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Q. Is high WBC without infection worrisome?

Answered by
Dr. Prakash H. Muddegowda
and medically reviewed by iCliniq medical review team.
This is a premium question & answer published on Nov 02, 2015 and last reviewed on: Sep 19, 2018

Hi doctor,

I am a 29 year old female. I am overweight. My regular doctor noticed my WBC has been high every single time he has drawn my blood. He even asked me to come back several times to double check. It has been like this and climbing slowly for a year. He referred me to an oncologist. But in the mean time, I am going crazy on what could this be.

I am scared and unsure of what I can expect. I understand that everyone is a different case. But I am curious as to if this is something small or potentially something life changing. Following details are from my last draw, WBC count 15 on a 10 scale, MCV 77, MCH 24, RDW 16.2, neutrophils 10.1 and lymphs 3.8.

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#

Hi,

Welcome to icliniq.com.

Based on your query and report (attachment removed to protect patient identity), my opinion is as follows:

A rising WBC (white blood cell) count in the absence of any infection, however mild is sometimes worrisome and that is being at present felt by your doctor. Mild increase in neutrophil is present. I assume there is nothing abnormal in the peripheral smear. Peripheral smear is most important here to confirm the absence of any immature cells.

Rising count sometimes signifies leukemia. However, in leukemia, the count is usually more than 100000 or less than 4000 on a 10000 scale. The absence of any immature cells virtually rules out any leukemia. Possible causes here could be stress; lipid abnormalities induced inflammation in blood vessels or liver (over weight) or mild infection somewhere, which is currently asymptomatic.

Reduced MCV (mean corpuscular value) and MCH (mean corpuscular hemoglobin) indicate possibly early iron deficiency anemia. Iron studies can confirm or start of treatment with Ferrous Fumarate daily will help.

If anemia is present with rising WBC count, a chronic inflammation cause will require evaluation. C-reactive protein levels and ESR (erythrocyte sedimentation rate) can help in the evaluation of chronic inflammation if any.Do get a C-reactive protein, ESR study and iron studies done. Nothing worrisome at present. If not sure, attach your whole report as a PDF for better opinion.

Revert back with your new report and PDF to a hematologist online --> https://www.icliniq.com/ask-a-doctor-online/hematologist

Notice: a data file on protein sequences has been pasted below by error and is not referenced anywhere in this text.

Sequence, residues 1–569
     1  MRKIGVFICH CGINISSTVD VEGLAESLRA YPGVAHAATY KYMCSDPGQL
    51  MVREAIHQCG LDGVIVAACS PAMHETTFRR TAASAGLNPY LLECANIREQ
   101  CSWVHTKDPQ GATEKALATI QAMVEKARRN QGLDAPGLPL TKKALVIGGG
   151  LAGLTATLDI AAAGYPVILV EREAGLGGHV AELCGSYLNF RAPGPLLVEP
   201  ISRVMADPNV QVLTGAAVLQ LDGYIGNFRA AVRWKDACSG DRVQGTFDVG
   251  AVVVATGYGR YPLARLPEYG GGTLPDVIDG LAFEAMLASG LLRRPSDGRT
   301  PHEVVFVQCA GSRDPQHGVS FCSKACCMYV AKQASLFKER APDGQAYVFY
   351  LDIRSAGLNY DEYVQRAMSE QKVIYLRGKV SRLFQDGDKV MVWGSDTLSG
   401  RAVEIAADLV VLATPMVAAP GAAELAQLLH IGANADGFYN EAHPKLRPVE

Thank you doctor,

I knew that I have had iron tests before and have been told I am not poor in iron. But I do not have the results for some reason. I am attaching the last report, as it is most current just to double check. I do not have any pain or symptoms of sickness and this has been ongoing for what I thought was a year but dates back to 2006.

#

Hi

Welcome back to icliniq.com.

After going through the reports (attachment removed to protect patient identity), my opinion is as follows:

Raised RDW (red cell distribution width) with low MCV and MCH definitely should be the features of early iron deficiency anemia. If not now, may be in another two to three months, you may develop iron deficiency. Correction at present is necessary. If iron studies are normal, chronic anemia, secondary to chronic inflammation can be thought of.

Early diabetes signs are present as indicated by raised HbA1C (glycated hemoglobin) pre-diabetic. Overweight could be contributing to glucose intolerance. Diabetes is a metabolic stressful condition, which could be reflected in the values. Diabetes can lead on a mild chronic inflammatory disease.

Both the cell lines are increased (neutrophil and eosinophil), indicating an overall increase. No possibility of any leukemia as no single cell line is increased and also no immature cells are seen. The count could return to normal with good control of diabetes, specifically in this early stage through diet, weight reduction, stress and sleep management. ESR and C-reactive protein are not done, which could be raised. Abnormal HbA1C could be the cause. If controlled, the levels will return to normal.


Treatment plan:

1. Iron supplements.
2. Weight reduction.
3. Diet control.

Preventive measures:

Early stages, overt diabetes can be delayed or avoided.

Regarding follow up:

Revert back after HbA1C returns to normal to a hematologist online.---> https://www.icliniq.com/ask-a-doctor-online/hematologist


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